'Quest For Coomaraswamy' book review: A man for all seasons

Pratapaditya Pal's book presents a portrait of a flawed genius, whose phenomenal erudition was almost comparable to Rabindranath Tagore’s.

Published: 30th May 2021 05:00 AM  |   Last Updated: 30th May 2021 10:26 PM   |  A+A-

Ananda Kentish Coomaraswamy

Ananda Kentish Coomaraswamy

Express News Service

He may have faded from public memory, but at the advent of the 20th century, Ananda Kentish Coomaraswamy's was the lone voice that sang to an indifferent and often censorious West of the glories of Rajasthani and Moghul miniature paintings, of the transcendence of India's ancient sculpture and of the perpetuity of its crafts.

He chided Indians for being oblivious of their legacy, preferring borrowed plumes instead. He was an unsparing critic of urbanisation and industrialisation in the vein of William Blake, John Ruskin and William Morris.

In India, he became involved in the swadeshi movement. He was exiled from the British Empire because he refused to join the British Army during World War I and had to retreat to the US with his priceless Indian art collection.

His seemingly endless writings on his multifarious interests - volumes on everything from geology and crafts, the visual and performing arts to comparative religion and metaphysics - shored up by his prodigious erudition revealed to the world the spiritual wealth of the art of ancient India, its enduring traditions and its deep symbolism within an art historical framework.

His credo was, "Indian art is essentially religious." His later writings on metaphysics may go over the heads of most of us, but his elaborate expositions on Indian art remain relevant, although he went out of fashion for apparently being a traditionalist. However, Coomaraswamy, born into an aristocratic Sinhalese Tamil family in 1877 in Ceylon - Sri Lanka now - was no mere stick-in-the-mud or a nostalgist.

Cosmopolitan by upbringing, he kept an open mind, and the book under review underscores, among many other unknown aspects of his life, the singular role he played in the acceptance of photography as an art and his accomplishments as a skilled draughtsman and a keen photographer.

But then Coomaraswamy’s complex character was shot through with contradictions. From the time he discovered "Rajput painting" quite early in his career, he wrote admiringly about "'modernist' revolution of our own time...": "…This art is also metaphysical and saturated with ideas…"

He was a vegetarian yet he was an enthusiastic angler. He considered marriage a sacrament, yet he had married four gifted Western women in his lifetime.

Pal examines his relationship with his mother, an outstanding Englishwoman, and his four wives, who were responsible for kindling in Coomaraswamy, a geologist by training and profession, his interest in the arts and crafts of India and Ceylon that subsequently became his lifelong mission.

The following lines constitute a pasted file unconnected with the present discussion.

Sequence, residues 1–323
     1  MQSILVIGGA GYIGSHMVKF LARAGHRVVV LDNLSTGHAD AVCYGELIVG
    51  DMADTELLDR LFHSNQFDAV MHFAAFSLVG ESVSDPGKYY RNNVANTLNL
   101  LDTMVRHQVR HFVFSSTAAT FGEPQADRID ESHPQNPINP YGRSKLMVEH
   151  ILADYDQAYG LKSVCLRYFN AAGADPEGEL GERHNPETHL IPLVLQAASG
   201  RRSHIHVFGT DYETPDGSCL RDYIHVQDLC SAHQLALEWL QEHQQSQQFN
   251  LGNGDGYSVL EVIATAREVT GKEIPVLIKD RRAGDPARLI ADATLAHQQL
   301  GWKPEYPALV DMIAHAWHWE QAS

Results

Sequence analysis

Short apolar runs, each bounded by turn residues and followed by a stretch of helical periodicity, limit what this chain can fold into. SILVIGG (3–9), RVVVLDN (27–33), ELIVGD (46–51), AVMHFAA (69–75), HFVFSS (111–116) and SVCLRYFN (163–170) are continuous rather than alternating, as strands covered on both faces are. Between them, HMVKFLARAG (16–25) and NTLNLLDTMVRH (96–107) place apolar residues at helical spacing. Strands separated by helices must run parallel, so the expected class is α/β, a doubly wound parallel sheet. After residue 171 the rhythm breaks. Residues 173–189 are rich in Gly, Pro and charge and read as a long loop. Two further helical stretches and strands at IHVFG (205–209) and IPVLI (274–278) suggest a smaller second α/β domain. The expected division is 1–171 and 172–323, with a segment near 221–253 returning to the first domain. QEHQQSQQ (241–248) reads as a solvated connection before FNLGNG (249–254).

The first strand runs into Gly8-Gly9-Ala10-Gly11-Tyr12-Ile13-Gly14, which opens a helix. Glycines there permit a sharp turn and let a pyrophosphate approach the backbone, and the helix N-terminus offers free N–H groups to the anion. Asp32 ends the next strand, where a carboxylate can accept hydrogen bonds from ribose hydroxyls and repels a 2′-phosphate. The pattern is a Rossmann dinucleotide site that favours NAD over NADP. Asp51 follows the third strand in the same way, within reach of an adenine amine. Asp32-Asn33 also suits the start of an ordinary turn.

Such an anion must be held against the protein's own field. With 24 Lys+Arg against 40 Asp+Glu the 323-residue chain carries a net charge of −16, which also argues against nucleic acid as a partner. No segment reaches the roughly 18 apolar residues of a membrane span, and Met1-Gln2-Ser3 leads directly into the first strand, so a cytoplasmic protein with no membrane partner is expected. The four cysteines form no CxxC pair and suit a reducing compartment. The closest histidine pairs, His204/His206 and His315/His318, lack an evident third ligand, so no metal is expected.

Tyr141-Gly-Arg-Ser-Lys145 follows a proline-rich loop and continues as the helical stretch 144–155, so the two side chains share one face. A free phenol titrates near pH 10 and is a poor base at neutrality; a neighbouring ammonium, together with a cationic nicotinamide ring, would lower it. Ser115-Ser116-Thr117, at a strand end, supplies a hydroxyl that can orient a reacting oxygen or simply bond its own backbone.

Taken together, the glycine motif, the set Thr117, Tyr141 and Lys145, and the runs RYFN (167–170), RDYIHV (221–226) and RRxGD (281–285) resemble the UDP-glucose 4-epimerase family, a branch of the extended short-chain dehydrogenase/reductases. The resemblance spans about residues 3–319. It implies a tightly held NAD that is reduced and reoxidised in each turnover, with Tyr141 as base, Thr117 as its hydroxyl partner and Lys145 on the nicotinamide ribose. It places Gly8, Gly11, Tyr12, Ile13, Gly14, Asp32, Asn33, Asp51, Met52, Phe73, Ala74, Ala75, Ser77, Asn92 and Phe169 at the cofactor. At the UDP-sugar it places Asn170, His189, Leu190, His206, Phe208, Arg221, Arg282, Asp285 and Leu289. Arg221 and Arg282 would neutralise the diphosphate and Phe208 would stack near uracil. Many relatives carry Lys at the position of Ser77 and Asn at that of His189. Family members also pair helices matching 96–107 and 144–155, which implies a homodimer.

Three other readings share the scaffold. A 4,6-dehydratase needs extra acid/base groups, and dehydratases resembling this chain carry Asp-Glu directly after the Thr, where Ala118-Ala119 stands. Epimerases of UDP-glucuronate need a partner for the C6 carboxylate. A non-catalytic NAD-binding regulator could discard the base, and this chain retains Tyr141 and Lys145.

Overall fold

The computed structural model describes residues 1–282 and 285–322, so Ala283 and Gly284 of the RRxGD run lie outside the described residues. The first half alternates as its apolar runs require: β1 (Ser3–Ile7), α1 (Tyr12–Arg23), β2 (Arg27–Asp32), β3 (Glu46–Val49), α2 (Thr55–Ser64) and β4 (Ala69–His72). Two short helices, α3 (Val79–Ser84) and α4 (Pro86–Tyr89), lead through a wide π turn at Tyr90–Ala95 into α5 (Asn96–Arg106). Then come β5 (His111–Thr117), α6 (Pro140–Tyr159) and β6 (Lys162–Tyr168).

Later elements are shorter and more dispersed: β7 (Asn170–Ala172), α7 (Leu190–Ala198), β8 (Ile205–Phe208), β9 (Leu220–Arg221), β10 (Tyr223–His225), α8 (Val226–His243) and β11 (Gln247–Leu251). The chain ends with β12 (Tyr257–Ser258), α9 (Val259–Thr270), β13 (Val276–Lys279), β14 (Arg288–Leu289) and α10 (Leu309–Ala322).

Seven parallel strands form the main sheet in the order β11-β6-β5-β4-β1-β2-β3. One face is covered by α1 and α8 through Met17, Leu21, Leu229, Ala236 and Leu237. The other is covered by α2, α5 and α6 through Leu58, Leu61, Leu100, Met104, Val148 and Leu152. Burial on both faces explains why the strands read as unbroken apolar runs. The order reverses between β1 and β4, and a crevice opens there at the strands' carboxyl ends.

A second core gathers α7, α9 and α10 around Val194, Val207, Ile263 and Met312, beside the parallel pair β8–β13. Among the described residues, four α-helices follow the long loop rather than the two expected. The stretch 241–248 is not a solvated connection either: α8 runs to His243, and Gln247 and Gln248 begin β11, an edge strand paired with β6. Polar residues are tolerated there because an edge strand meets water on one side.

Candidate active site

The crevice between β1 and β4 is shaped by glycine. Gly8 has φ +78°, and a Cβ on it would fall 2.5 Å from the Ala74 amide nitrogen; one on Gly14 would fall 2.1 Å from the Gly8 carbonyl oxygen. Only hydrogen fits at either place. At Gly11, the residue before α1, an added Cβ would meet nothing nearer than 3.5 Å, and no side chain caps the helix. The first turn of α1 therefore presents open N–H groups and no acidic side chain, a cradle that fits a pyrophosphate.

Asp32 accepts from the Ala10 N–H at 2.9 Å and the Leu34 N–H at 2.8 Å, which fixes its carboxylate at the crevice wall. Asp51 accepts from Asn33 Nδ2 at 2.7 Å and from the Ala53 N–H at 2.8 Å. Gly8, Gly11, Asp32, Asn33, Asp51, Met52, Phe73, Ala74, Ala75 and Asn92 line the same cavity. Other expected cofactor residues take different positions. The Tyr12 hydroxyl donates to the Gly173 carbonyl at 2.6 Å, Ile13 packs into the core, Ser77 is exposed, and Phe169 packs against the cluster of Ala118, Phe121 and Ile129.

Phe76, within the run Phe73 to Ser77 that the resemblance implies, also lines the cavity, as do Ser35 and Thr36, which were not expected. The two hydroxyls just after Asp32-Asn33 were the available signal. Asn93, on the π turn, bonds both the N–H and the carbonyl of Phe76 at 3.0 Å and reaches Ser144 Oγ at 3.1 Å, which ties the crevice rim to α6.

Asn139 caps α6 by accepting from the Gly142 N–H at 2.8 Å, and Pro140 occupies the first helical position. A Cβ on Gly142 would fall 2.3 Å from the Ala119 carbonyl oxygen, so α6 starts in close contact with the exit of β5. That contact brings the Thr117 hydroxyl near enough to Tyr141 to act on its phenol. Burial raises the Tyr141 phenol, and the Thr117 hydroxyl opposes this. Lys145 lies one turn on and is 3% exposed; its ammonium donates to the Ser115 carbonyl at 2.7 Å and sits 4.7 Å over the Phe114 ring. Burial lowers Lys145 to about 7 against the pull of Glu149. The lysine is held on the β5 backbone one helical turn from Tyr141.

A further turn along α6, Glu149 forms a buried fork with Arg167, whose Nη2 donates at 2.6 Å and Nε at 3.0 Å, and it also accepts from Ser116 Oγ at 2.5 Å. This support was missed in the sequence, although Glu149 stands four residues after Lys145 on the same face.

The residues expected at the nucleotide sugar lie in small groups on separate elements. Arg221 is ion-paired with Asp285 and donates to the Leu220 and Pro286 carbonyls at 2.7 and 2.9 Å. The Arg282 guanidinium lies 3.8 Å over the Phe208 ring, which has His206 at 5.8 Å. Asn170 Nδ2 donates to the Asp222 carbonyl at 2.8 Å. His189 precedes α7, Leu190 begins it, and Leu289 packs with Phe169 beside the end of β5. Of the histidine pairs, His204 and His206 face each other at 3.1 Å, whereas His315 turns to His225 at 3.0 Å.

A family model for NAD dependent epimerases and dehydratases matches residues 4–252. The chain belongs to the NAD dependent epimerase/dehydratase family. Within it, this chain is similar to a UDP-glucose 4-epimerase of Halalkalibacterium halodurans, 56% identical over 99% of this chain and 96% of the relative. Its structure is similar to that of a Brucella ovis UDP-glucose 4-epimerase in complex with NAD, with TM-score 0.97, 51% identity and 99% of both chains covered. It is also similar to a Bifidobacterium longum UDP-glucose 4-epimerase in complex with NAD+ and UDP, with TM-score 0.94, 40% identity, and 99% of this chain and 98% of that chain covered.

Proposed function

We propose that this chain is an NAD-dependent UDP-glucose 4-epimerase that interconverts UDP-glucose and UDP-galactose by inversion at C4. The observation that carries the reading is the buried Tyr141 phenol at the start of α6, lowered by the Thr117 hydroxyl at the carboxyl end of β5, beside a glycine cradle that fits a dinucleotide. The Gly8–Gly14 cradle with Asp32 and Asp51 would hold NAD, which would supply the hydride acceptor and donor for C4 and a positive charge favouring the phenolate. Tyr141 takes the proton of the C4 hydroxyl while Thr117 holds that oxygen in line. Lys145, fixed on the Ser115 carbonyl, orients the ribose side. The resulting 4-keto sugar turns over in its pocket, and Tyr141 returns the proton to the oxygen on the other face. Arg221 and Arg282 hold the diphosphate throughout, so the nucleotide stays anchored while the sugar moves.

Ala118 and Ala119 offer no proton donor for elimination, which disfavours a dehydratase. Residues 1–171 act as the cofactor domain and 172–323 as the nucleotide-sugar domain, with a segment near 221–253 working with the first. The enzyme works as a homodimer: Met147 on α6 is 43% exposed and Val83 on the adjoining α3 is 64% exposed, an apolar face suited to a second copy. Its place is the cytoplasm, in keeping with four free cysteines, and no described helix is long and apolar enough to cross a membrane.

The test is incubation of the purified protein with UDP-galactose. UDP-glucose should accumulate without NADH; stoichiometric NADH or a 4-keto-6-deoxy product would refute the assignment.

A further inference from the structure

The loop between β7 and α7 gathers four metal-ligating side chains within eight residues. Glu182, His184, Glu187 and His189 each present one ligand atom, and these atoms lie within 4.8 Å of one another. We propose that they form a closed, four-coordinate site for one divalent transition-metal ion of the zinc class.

As Keeper of the Indian collection of the Boston Museum of Fine Arts from 1917 till his death in 1947, Coomaraswamy worked himself to death cataloguing and explaining thousands of items. It was on his proposal that Alfred Stieglitz’s photographs were included in the museum’s print department.    

This is the second biography of Coomaraswamy to be published after three long decades, the last one by Roger Lipsey in 1977. Of Lipsey’s three-volume work, only the last was devoted to his life, the first two dwelling solely on his immeasurable intellectual achievements.

Coomaraswamy was dead against his biography being written and did not leave behind much meat on which such a narrative could be based. Not a surprising standpoint coming as it does from the man who wrote: "…imitation and portraiture are lesser aims than the representation of ideal and symbolic forms".

But in the event of a portrait being painted, Coomaraswamy was against his character being "whitewashed", and Pal presents us with the portrait of a flawed genius, whose phenomenal erudition was only comparable to Rabindranath Tagore's, although the latter’s creativity was beyond compare. Pal admits he had the advantage of being born an Indian, and a Bengali to boot, which allowed him to peruse source material in the vernacular.

Calcutta and the Jorasanko ancestral home of the Tagore family, where Coomaraswamy spent a good deal of time between 1907 and 1911, played a vital role in shaping Coomaraswamy's sensibility. Of special interest is the inclusion of the hitherto unpublished correspondence between Coomaraswamy and Tagore.

It highlights the rapport they enjoyed. Pal had succeeded Coomaraswamy as Keeper of the Indian Collection of the Boston Museum of Fine Arts in 1967, albeit after a gap of two decades. 

This is an eminently readable book with a fine selection of images that besides painting a convincing, subtly shaded and human portrait of a man with a towering intellect throws light on those exciting times when the modernist movement was causing a kerfuffle and Indian ideas were beginning to impact Western thought.

One of the joys of reading it lies in Pal's unvarnished prose that never lapses into jargon, a trait that casts a blight on much Indian art writing. But being one of the most eminent art historians of our times, Pal is not obliged to wear his scholarship on his sleeve.

Quest for Coomaraswamy: A Life in the Arts, 

By: Pratapaditya Pal, 

Publisher: Bayeux Arts Inc, 

Pages: 328, 

Price: Rs 15,945


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